During the month between the conviction and the execution of the original teacher of wisdom (or philosopher) Socrates, these memoirs were dictated in the hope of correcting the “conventional wisdom” of history and the foolishness of Sophists as of 399 BCE with the knowledge and wisdom of the real man called Socrates.
The 24 centuries of human history that followed were irrevocably twisted by his one-time associate—the creatively dishonest dramatic genius Plato.
During the last 30 years of Socrates’ lifetime (and the first 30 of Plato’s), while the evermore “educated” (Big Government) Oligarchy thrived, the common citizen majority, the middle-class as they are now thought of, lost their property, their liberty and their lives.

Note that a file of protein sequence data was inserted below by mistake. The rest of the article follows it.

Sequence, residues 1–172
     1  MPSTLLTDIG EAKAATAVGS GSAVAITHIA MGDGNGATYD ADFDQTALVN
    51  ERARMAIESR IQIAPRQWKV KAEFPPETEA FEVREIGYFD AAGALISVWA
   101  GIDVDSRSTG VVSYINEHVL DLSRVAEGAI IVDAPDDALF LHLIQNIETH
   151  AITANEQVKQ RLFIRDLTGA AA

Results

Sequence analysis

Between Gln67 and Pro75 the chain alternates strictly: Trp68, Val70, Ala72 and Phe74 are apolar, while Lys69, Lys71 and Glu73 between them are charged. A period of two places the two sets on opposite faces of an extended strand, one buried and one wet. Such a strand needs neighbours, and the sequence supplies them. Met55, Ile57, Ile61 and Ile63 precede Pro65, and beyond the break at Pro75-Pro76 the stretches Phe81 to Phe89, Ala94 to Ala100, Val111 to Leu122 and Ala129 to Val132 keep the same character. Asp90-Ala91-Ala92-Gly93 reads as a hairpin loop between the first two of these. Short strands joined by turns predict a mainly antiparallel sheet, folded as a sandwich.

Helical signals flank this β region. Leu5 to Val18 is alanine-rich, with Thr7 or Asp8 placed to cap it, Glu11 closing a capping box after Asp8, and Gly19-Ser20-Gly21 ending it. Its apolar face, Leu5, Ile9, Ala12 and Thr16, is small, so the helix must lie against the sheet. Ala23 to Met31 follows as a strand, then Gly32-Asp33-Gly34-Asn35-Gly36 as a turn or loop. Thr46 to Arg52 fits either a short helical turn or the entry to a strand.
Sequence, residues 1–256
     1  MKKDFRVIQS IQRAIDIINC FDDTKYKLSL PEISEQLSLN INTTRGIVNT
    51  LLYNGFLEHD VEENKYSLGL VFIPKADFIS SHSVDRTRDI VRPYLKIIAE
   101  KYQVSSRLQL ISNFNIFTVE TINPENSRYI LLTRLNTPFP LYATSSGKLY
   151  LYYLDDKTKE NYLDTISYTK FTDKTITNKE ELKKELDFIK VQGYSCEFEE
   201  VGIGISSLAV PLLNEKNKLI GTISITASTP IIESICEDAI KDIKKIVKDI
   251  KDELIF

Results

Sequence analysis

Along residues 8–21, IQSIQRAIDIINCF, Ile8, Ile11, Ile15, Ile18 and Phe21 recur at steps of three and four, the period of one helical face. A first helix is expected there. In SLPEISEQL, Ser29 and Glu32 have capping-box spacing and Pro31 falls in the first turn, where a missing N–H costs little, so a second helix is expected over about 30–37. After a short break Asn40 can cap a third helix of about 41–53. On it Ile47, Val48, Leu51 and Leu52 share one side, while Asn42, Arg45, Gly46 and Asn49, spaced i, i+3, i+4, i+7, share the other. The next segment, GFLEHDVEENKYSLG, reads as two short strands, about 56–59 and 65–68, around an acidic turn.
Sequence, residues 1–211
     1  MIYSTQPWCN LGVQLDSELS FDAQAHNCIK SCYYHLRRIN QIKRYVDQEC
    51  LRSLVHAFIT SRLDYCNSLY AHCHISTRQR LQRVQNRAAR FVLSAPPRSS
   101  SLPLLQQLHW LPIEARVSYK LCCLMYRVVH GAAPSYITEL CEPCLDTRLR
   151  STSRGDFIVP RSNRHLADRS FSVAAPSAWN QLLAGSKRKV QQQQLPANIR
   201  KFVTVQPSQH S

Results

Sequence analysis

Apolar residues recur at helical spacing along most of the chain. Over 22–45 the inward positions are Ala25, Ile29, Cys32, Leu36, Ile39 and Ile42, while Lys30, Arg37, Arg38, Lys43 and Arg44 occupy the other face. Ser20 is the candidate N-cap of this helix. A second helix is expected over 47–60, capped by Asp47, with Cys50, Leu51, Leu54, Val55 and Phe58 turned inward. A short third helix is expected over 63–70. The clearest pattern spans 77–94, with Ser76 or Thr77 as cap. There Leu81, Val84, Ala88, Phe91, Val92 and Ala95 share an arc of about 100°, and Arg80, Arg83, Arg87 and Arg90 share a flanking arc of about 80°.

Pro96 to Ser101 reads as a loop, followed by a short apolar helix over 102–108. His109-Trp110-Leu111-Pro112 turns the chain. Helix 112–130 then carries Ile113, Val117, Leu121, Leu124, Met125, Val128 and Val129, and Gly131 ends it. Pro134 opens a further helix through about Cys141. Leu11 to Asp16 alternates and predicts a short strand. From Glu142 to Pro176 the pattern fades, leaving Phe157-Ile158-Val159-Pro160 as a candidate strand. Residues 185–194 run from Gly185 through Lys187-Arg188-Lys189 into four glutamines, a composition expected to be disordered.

From a generation before Socrates’ birth through the first 40 years of his real-world life, the common citizens of Athens rose from centuries of poverty and oppression to true liberty and the opportunity for personal wealth and glory in the greatest and freest political society of the then known western world. Athens and its Delian League in the 5th century BCE was the equivalent of, or better than, America in the 20th century—if one were a common citizen without inherited advantages (or other social “connections”).
What had preceded the decline in the formative 70 or more good years in Athens? And how did the generation-long decline occur?
Far more than the Peloponnesian War that Thucydides documented caused that decline.
Internal corruption proliferated as wealth and Sophisticated Higher Education for the affluent Oligarchy grew even before the Great War began. The socially prestigious Oligarchy re-acquired dominance and the common citizen majority were ground down into unthinking followers.
Socrates’ sarcastic memoirs reveal the tragic history of the internal decline of once-dominant Athenian culture, all told in a rational chronology of historical fact.
For additional information and author bio, see www.STLevin.com